The former monastery looms massively against a wooded slope and overlooks a green, deserted valley. Among its seductions are cloistered gardens, a Baroque chapel, a circular swimming pool, forest hiking trails, and a dining room expertly faithful to Alentejan specialties—gutsy thick soups and pork in every form, including deboned trotter with garlic and fresh coriander (coentro), served in emphatic quantities—and alert to the newly sophisticated local wines. But none of these estimable advantages are the reason a couple of jaded sybarites like my wife and me would tout the Convento as one of the most remarkable places we've ever spent the night. Nor is it the casual service provided by cheerful locals, or the sunlit cloister : it's the tiles that have won our hearts.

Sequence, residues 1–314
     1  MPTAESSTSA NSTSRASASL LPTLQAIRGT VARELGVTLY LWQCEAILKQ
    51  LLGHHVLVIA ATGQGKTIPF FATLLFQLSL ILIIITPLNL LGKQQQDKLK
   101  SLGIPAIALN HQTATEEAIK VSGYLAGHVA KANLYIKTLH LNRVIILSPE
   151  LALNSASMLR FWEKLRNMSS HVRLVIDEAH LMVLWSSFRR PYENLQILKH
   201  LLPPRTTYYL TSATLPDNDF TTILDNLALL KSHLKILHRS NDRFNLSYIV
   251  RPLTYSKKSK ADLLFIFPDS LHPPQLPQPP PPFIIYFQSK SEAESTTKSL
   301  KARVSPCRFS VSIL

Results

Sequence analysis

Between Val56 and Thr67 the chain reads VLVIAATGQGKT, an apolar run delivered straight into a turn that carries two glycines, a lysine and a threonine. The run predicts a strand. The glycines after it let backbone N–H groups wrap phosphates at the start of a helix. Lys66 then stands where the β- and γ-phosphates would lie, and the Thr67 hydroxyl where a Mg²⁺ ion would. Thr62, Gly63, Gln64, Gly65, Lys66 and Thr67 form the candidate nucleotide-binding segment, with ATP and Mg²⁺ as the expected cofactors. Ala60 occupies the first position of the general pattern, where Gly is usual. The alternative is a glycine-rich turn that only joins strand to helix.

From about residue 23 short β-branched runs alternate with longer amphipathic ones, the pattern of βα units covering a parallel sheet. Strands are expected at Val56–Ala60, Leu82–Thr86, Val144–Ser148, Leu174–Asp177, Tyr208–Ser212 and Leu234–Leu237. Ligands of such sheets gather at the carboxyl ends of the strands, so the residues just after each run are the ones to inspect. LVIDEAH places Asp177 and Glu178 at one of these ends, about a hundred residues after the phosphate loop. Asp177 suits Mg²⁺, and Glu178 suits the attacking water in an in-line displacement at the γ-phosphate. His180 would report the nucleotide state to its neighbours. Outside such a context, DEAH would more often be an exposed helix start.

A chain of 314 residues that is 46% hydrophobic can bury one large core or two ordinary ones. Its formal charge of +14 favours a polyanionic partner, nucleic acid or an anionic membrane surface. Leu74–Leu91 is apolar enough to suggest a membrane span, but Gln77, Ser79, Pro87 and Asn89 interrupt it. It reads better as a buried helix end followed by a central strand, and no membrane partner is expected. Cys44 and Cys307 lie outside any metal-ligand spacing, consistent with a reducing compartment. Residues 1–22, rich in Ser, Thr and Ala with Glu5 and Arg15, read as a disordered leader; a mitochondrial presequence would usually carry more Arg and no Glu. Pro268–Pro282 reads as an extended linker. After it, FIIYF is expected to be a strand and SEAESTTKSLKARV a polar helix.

Everywhere you turn in this place, you pass murals made of blue-and-white glazed Baroque tiles—more than 54,000 of them, the hotel claims. Once you start looking at the religious and historical scenes on the murals lining Convento's long, kerosene lamp–lit halls, it is hard to clip along efficiently to your spacious renovated monk's cell with its views of the valley and the gardens below. I'd happily spend a rainy day gazing at these martyred saints and knights as they ride forth to win greater glory for some forgotten Portuguese ruler. The true aesthete could stay all day at the Convento, but we must begin our expeditions.